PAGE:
Now that gardening season is finally in full swing, I am getting calls about problems that are showing up in the landscape.
One of the calls concerns sugar maple trees losing their leaves. This is likely due to an insect called the maple petiole borer, which does exactly as the name implies.
The adults of this sawfly lay their eggs in the petioles of the maple tree. The petiole is the part of the plant that attaches the leaf to the stem.
The eggs hatch into the larvae that then feed through the center of the petiole. This feeding causes the petiole to eventually break off and the leaves to drop.
This is not a big deal for the tree as these insects feed only in the spring at this time. The larvae eventually drop to the soil and pupate in the ground for next year.
It is more of an aesthetic or messy problem for homeowners than anything else. The leaves tend to be scattered around like it’s fall.
Through the years, I have noticed populations come and go. Sometimes it’s a big problem, and other times it’s not even noticeable. This is one of those pests that don’t require intervention.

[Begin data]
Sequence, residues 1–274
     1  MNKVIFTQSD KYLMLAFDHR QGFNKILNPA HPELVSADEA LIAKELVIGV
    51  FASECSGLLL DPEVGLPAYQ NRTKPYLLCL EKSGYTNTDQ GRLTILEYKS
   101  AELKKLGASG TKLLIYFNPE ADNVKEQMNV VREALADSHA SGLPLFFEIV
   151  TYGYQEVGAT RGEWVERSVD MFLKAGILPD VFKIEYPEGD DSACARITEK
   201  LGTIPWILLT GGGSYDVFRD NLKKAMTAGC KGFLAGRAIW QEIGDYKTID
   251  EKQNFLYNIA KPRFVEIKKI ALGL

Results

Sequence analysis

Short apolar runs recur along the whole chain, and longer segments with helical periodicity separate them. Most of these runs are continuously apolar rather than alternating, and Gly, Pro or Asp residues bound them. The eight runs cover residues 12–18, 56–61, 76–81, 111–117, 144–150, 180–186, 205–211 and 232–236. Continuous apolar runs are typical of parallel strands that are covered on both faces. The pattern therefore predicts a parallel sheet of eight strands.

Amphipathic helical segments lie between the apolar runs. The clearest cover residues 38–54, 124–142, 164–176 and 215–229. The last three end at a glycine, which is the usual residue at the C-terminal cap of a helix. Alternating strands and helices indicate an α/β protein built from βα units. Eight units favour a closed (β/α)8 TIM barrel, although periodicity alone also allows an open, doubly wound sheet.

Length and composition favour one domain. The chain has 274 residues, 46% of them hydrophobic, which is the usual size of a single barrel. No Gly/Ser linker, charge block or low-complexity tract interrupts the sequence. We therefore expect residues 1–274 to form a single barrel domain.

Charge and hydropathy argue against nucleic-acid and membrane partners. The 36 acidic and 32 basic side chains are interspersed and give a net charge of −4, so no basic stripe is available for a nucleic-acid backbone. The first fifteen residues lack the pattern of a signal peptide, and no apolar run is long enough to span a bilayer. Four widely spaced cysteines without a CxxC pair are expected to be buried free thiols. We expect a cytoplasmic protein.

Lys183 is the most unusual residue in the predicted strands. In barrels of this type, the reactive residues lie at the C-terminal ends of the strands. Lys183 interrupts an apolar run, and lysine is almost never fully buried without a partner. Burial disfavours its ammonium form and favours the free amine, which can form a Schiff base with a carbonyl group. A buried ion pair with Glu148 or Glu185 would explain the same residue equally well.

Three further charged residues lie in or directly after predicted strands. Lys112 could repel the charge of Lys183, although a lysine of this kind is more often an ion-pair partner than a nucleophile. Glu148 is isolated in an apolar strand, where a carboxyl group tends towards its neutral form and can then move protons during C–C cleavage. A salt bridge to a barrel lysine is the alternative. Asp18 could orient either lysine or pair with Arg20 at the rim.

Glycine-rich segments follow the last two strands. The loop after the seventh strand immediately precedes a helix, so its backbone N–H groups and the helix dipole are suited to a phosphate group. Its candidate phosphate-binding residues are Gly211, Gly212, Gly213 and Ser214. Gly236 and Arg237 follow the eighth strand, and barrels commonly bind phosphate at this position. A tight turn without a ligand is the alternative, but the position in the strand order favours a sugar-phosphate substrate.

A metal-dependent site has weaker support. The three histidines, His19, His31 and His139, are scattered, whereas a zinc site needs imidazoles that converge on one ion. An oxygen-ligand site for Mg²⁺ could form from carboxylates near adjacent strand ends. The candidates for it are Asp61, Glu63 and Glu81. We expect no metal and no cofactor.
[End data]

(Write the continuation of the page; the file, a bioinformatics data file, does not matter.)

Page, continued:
Another common pest we see this time of the year is the Eastern tent caterpillar. Their nests are becoming more noticeable in the Miami Valley area at this time.
This caterpillar hatches out in early April and begins to build a silk nest in the branches on trees.
They feed on plants in the rose family and prefer food in the genus Prunus. We typically find them on cherries, plums, crabapples, peaches and hawthorns.
Spray controls are not warranted because the silk nests are very protective. In addition, sprays sometimes kill the good guys as well.
I know that some have used a “torch” method. This is not recommended for many reasons but mainly because it can damage the tree.
These silk nests are a little bigger than softballs at this time and can easily be controlled by hand if you can reach them.
Grab the nests and either drop into a bucket of soapy water or smash the caterpillars. Your choice!
Left unchecked these caterpillars can defoliate a tree. However, they won’t kill a tree. Populations tend to rise and fall through the years.
Gypsy moth caterpillars have also hatched and are actively feeding as well as a variety of other caterpillars.
Thank you for reading the Springfield News-Sun and for supporting local journalism. Subscribers: log in for access to your daily ePaper and premium newsletters.
Thank you for supporting in-depth local journalism with your subscription to the Springfield News-Sun. Get more news when you want it with email newsletters just for subscribers. Sign up here.